Los Angeles Wage Garnishment Lawyers
Wage garnishment is a debt collection tool that is quite popular in California. Someone with a judgment against you can garnish a percentage of your wages. Your employer withholds a set amount and sends it directly to the creditor, and you have little say in the matter. Wage garnishments are potentially embarrassing, alerting your employer to the fact that you were sued. They can also substantially reduce your income. The good news is that you can use a bankruptcy filing to stop wage garnishment in its tracks. Speak with a Los Angeles wage garnishment lawyer at Wadhwani & Shanfeld today.
Stop Wage Garnishment Fast
In California, a judgment creditor cannot garnish all your wages at once. Instead, the maximum they can take is based on the lesser of:
1. 25% of your weekly disposable earnings, or
2. 50% of the amount your disposable earnings in a week exceed 40 times the minimum wage.
Your disposable earnings are essentially what you get paid after required deductions, like FICA taxes.
As of July 1, 2023, the minimum wage in Los Angeles is $16.78 an hour. Forty times that is $671.20. So if you make $700 a week, the most the judgment creditor could take is about $15 as a wage garnishment. But if you made $1,000, then they could take more. If you made $4,000 a week, then the most is 25% of that, or $1,000.
How can bankruptcy help with wage garnishment?
When a debtor files for bankruptcy protection, an automatic stay goes into effect. This stay will halt any and all collection efforts against you. That gives you some breathing room. If a creditor doesn’t stop a wage garnishment, you can ask for the court’s help and even sue the creditor for violating the stay. Of course, once your bankruptcy case ends—or the debtor convinces a judge to lift the stay—the garnishment can start back up. The automatic stay is only a temporary solution.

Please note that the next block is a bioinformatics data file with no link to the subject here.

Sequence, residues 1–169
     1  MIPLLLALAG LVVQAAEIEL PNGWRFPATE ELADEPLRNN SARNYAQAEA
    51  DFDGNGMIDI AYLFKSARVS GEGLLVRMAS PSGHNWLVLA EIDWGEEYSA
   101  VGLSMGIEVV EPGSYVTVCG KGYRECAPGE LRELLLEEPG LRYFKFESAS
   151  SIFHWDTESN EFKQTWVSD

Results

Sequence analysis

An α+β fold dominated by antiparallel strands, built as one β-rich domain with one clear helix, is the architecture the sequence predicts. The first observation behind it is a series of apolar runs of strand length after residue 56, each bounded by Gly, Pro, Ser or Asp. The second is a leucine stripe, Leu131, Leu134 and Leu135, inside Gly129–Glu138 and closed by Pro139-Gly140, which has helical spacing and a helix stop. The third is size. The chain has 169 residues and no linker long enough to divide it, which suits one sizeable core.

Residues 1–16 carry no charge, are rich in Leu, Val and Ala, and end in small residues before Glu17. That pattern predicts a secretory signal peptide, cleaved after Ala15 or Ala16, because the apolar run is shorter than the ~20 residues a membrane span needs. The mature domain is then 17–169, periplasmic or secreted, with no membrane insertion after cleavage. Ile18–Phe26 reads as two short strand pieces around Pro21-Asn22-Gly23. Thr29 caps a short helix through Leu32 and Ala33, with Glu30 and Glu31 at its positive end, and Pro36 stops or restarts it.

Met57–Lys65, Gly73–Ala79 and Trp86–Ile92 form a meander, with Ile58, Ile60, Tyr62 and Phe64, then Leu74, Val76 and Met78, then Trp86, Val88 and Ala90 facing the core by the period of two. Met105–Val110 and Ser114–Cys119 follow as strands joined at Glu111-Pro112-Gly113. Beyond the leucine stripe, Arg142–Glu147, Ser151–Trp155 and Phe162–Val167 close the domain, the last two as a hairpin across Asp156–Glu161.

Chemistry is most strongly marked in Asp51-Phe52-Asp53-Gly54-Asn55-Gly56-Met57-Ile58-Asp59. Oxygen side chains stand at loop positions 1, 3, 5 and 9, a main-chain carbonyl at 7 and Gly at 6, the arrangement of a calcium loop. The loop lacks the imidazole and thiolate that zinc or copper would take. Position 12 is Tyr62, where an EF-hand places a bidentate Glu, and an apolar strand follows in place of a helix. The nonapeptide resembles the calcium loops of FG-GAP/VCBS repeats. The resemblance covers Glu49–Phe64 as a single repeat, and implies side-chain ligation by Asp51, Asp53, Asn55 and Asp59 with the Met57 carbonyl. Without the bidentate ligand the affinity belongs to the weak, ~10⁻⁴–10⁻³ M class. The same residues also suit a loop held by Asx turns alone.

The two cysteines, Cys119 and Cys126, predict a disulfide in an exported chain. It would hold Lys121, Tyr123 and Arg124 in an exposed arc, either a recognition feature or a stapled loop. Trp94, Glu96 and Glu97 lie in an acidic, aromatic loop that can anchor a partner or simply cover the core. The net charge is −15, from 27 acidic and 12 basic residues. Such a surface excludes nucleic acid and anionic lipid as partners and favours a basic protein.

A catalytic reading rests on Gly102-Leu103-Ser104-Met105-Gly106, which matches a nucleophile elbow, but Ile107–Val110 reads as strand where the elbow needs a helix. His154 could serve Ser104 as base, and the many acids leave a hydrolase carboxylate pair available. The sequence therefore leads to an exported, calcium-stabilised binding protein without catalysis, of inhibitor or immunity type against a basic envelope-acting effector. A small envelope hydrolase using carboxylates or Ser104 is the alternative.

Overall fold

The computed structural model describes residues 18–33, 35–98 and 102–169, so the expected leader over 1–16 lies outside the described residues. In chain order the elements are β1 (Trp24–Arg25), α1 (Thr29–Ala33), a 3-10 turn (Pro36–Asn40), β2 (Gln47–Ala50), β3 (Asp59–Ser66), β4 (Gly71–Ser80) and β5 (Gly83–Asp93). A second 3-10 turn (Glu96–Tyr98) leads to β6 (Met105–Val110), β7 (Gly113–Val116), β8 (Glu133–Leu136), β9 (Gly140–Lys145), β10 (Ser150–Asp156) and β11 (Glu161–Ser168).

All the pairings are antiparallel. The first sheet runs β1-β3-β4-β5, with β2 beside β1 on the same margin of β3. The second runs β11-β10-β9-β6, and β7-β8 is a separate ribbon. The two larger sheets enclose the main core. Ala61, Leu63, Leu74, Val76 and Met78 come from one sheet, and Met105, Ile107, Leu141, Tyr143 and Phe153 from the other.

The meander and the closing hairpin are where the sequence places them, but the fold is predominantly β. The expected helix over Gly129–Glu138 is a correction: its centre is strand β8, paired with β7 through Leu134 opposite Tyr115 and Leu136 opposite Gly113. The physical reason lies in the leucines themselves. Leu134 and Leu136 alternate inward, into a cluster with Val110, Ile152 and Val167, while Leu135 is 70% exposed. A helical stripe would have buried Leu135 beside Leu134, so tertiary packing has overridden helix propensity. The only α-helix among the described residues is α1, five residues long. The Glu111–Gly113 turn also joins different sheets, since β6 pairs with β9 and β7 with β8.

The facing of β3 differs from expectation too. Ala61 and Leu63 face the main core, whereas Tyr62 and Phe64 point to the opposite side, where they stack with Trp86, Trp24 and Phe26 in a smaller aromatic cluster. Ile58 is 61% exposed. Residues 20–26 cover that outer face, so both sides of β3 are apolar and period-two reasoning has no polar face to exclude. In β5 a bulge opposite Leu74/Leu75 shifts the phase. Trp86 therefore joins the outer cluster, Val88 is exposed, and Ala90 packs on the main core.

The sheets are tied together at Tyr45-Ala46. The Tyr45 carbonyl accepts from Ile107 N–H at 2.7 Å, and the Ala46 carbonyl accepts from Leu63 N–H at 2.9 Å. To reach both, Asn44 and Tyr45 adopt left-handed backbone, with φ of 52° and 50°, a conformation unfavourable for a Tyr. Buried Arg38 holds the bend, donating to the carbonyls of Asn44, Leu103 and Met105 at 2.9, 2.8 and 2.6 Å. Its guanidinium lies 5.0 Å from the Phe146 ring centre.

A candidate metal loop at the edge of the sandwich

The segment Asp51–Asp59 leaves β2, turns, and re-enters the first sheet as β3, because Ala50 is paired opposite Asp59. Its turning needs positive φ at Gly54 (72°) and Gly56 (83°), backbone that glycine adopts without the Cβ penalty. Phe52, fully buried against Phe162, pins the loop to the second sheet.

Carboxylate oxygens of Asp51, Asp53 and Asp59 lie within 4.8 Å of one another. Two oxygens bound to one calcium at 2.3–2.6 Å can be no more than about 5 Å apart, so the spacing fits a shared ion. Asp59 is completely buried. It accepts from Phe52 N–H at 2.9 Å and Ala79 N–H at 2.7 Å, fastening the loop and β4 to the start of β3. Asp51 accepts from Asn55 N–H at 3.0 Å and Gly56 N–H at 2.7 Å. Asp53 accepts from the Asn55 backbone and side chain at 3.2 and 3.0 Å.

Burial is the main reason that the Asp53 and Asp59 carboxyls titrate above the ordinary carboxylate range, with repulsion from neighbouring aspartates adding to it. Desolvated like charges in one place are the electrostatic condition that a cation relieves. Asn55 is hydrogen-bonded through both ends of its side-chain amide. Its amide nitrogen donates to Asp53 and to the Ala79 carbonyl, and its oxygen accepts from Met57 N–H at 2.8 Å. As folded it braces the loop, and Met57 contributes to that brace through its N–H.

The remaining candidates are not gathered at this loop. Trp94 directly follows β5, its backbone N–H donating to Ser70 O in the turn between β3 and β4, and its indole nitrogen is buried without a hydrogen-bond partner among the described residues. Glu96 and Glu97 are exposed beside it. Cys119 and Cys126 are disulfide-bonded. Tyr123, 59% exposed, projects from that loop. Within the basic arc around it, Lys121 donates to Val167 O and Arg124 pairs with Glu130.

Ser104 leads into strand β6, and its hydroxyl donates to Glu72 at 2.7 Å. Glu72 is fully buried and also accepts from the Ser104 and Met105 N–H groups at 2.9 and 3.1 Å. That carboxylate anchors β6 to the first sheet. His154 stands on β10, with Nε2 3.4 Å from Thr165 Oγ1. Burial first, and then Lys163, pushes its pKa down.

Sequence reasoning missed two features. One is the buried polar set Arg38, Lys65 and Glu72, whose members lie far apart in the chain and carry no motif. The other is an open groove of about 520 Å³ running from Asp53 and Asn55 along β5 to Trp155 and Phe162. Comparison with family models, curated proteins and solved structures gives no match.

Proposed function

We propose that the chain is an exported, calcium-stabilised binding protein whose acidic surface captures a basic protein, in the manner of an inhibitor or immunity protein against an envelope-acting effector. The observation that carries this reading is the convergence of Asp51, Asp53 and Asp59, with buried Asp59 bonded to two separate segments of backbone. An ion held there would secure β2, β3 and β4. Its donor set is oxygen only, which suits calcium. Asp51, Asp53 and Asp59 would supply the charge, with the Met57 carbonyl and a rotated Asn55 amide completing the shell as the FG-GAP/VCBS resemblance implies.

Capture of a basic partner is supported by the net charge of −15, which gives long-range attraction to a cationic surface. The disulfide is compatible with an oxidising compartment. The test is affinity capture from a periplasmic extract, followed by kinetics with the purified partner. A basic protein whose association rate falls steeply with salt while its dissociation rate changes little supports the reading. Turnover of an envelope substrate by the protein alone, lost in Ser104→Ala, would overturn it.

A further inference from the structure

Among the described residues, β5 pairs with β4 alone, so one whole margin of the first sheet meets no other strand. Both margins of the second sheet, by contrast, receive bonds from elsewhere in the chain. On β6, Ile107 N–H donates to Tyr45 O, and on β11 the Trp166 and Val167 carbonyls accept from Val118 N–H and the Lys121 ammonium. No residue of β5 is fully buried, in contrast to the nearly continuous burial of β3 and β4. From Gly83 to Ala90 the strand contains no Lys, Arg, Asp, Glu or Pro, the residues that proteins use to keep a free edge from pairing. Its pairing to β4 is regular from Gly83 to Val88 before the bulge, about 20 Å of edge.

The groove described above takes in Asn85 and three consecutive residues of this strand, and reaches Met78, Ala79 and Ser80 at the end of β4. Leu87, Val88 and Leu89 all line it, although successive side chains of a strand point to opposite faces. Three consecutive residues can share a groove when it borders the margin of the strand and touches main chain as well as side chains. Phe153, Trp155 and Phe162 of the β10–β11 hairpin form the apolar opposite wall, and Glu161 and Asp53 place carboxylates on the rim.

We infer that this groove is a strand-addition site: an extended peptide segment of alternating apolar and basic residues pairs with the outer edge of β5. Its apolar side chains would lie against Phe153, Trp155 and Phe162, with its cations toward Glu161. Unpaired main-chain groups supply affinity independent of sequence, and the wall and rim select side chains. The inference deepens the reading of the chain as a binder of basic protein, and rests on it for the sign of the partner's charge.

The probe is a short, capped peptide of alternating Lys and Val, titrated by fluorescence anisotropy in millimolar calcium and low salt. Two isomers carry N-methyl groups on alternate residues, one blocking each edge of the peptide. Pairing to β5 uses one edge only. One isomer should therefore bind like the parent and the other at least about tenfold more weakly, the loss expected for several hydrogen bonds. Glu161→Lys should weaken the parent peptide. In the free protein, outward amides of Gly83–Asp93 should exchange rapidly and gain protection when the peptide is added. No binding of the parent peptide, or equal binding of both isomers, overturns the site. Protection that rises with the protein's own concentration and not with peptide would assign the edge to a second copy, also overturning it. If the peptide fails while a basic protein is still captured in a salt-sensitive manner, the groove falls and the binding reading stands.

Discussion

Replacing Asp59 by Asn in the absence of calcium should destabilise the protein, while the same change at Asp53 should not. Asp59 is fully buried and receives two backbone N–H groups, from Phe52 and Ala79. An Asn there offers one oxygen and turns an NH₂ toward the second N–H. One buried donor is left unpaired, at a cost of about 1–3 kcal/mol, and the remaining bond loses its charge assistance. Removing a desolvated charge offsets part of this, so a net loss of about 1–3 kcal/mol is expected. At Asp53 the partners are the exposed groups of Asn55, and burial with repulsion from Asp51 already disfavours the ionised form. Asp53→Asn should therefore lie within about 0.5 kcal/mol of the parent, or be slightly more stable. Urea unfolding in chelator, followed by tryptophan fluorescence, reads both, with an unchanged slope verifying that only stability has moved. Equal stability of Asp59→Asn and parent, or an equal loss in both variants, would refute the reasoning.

However, you might be able to discharge the underlying debt in bankruptcy. This is a real possibility if your debt was nonpriority debt like credit card bills, health care bills, or payday loans. Even though the creditor has a judgment, you can still discharge it in Chapter 7.
You can’t discharge priority debts, like unpaid child support or alimony, some tax debt, or judgments related to financial fraud or drunk driving. So if you were sued by a pedestrian for plowing into them while drunk, you can’t get rid of that in bankruptcy.
You should meet with an attorney to see if filing for bankruptcy will help you with a wage garnishment. It is sometimes possible to completely eliminate the debt, in addition to stopping the garnishment while you get your financial affairs in order.
Helping Los Angeles Debtors
Wadhwani & Shanfeld has built a reputation for providing high-quality legal solutions to debtors. If you need help, or if you fear wage garnishment is on the horizon, please call us to speak with a Los Angeles wage garnishment lawyer.